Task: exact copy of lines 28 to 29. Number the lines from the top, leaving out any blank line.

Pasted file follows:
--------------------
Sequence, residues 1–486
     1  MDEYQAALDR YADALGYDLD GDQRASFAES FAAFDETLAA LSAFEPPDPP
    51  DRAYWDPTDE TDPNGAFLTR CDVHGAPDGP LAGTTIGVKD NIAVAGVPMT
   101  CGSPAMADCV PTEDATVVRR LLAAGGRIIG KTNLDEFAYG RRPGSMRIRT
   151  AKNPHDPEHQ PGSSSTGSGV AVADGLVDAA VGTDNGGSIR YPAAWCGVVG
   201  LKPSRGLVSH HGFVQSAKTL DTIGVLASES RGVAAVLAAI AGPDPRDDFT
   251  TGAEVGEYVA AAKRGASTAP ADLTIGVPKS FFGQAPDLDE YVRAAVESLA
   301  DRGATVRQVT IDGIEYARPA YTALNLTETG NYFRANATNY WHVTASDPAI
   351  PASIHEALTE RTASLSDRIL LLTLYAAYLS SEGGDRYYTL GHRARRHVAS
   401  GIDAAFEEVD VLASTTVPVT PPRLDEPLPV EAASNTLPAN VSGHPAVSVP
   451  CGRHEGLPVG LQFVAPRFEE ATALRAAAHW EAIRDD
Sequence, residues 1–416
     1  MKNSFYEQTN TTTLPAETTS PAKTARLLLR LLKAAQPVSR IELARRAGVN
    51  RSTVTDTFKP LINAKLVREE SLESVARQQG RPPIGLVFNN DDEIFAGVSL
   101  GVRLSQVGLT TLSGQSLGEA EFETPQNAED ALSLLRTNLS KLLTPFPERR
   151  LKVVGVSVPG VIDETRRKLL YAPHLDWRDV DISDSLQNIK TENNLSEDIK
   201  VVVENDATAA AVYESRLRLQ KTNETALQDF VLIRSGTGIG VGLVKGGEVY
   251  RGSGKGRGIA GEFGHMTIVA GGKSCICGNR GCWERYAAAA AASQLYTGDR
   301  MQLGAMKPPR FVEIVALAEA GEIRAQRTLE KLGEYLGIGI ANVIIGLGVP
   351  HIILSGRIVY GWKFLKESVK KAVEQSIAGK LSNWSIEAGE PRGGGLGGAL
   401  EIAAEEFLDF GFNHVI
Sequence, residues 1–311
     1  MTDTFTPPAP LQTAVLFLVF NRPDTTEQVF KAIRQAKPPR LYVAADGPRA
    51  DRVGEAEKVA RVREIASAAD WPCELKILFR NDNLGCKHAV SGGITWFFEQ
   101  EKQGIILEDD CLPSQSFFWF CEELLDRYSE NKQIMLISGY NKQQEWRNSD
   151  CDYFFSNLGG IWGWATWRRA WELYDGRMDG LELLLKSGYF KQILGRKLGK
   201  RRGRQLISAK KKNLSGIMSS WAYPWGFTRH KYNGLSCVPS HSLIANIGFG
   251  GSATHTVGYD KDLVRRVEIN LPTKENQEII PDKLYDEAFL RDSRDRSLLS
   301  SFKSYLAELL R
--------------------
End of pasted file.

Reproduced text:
   251  GSATHTVGYD KDLVRRVEIN LPTKENQEII PDKLYDEAFL RDSRDRSLLS
   301  SFKSYLAELL R